With the goal to challenge, inspire and empower, the multi-streamed conference agenda will cover topics related to the theme – The Power of Association – and three sub-themes.
The Power of Association
The volunteering sector faces many challenges and opportunities, as a result of the rapidly evolving and often volatile political, social and economic environment in which we operate. Volunteering is transforming. How people volunteer, the expectations of volunteers and the requirements of volunteer involving organisations are all changing and are not necessarily aligned. The demand for volunteers continues to grow but is not matched by genuine, substantive support for volunteering, especially for volunteer management and the infrastructure that supports volunteering.
More than ever, its important all those with an interest in a vibrant, inclusive and resilient volunteering sector collaborate to provide a formidable, fearless and representative voice for volunteering. Through the power of association, our collective voice is strengthened. Together we can build resilient communities and empowered and active citizens through volunteering.
Leadership and Stewardship of Volunteering
The National Standards for Volunteer Involvement provide clear guidelines for best practice volunteer management. Unfortunately, too often there is little or no meaningful investment in volunteer management. This disrespects and devalues the role of the managers of volunteers, as well as the volunteer workforce. It can put volunteers at risk, reduce their productivity, effectiveness and well-being, and impact their morale and motivation. It can also reduce a volunteer-involving organisation’s agility, and ability to meet the challenges of current and emerging trends in contemporary volunteering.
This sub-theme explored the role of leaders in building a resilient, sustainable and productive volunteer workforce. It addressed the role of leaders as the stewards of volunteering, ensuring volunteering remains true to the spirit and intent of the definition of volunteering2 and is not misused and abused.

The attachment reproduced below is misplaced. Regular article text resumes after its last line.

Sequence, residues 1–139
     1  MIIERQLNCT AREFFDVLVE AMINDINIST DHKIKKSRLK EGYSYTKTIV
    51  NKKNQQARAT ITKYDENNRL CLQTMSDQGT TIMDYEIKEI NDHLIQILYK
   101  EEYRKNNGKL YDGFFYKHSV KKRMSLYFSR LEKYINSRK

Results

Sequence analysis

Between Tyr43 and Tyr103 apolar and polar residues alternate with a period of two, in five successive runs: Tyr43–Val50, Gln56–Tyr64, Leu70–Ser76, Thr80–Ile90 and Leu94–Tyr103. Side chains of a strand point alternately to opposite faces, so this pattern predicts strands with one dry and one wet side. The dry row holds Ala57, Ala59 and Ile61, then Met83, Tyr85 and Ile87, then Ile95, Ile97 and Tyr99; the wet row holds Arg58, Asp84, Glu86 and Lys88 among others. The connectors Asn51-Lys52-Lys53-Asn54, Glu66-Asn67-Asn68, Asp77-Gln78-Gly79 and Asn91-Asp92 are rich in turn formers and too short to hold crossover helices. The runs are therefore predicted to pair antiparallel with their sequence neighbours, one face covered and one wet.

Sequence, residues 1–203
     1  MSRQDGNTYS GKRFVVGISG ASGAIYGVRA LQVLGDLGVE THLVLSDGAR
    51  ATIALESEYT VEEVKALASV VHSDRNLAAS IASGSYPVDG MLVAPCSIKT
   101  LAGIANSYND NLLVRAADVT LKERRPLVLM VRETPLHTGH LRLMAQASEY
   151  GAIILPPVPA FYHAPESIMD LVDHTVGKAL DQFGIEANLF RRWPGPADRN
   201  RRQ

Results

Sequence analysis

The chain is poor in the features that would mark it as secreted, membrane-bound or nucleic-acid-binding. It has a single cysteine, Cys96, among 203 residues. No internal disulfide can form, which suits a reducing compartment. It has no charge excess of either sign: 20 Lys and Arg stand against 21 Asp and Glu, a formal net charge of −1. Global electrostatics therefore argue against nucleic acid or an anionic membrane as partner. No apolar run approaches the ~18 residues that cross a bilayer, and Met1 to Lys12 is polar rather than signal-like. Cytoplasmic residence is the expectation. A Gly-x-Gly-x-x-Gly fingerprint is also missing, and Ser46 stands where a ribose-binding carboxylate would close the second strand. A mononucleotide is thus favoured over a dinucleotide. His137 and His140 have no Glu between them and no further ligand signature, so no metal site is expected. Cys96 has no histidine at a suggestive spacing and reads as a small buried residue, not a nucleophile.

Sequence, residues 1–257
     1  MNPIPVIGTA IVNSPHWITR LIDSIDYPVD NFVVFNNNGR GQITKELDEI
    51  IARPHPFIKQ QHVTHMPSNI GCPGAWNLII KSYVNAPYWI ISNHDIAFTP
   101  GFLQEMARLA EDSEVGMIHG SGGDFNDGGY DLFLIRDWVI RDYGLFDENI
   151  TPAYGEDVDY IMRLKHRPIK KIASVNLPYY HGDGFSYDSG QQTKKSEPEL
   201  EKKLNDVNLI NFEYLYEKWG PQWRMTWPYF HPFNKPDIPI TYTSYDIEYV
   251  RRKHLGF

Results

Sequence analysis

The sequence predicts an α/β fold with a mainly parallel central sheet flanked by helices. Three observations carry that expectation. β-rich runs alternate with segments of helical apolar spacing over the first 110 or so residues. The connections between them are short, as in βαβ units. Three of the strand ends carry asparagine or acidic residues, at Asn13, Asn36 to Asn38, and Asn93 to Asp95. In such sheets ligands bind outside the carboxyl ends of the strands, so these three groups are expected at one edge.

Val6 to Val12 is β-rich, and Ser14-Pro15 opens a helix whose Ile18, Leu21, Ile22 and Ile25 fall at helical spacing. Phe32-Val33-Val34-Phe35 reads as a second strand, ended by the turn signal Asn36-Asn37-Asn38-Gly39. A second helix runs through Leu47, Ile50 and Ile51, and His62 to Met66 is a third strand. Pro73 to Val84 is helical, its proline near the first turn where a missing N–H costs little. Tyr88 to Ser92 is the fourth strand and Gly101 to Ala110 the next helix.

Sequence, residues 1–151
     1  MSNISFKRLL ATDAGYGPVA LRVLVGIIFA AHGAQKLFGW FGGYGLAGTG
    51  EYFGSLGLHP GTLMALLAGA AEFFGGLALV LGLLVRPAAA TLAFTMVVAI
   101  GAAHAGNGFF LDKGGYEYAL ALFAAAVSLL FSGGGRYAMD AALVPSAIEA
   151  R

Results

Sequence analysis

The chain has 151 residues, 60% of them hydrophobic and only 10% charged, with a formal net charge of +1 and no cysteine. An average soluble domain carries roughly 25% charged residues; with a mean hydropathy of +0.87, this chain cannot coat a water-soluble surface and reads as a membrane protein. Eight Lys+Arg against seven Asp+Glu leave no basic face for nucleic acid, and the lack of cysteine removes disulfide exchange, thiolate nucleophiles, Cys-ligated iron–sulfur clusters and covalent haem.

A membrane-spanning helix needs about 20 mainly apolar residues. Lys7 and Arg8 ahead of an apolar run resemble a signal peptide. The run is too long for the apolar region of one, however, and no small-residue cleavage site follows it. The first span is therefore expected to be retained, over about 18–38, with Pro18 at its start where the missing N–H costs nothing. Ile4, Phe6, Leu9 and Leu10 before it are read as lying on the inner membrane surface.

These leaders might be paid or unpaid managers of volunteers, HR managers, Board members, the senior executives in an organisation or politicians – anyone with a role to play in improving recognition of, support for, and the quality of volunteer management.
The volunteering sector is wide-ranging in its scope. It comprises volunteer-involving organisations, volunteer support services, corporates, the 3-tiers of government as well as current and potential volunteers. It covers industries as diverse as social services, health, emergency services, sport, community development, creative industries, tourism, the environment, disability services, education, animal welfare – to name a few. It reflects the diversity of the Victorian community and is critical for the successful delivery of many services, programs and activities we take for granted, and which contribute to the wellbeing and richness of the Victorian community.
Given the importance and scope of volunteering, and the limited investment in and resources devoted to support volunteering, it is critical the sector collaborates to optimise outcomes. This sub-theme explored the factors that contribute to and support successful collaboration, and showcased examples of collaborations that advance volunteering.
Valuing and Repositioning Volunteering
It is widely acknowledged volunteering makes a very significant economic, social and cultural contribution to our community, yet volunteering and volunteers are often not valued in a meaningful way.
Funding from all levels of government to support volunteering (as opposed to activities that rely on volunteers) is very poor. It can also be very difficult for volunteering to attract philanthropic or sponsorship support when it is competing for that funding with the services volunteering supports.
Even though volunteers make up a significant proportion of the workforce in many industries, often the impact on that volunteer workforce is not considered in policy debates, changes to programs and service delivery models, or sector reform. In addition, many organisations (even those with a significant volunteer workforce) do not invest in the management of their volunteers like they do with paid staff.
Further, perceptions of volunteering and volunteers are often limited and outdated, and don’t reflect contemporary volunteering. Even volunteers undervalue their contribution and impact – too often describing themselves as “just volunteers”.
This sub-theme explored how volunteering can be repositioned to reflect and acknowledge its true value and contribution to the Victorian community; how volunteering can attract funding when it is competing for funding with the services it supports; why volunteers and volunteering are not valued in a meaningful way and what we can do about it; and how volunteering can be repositioned as an active community building activity and volunteers as active citizens.
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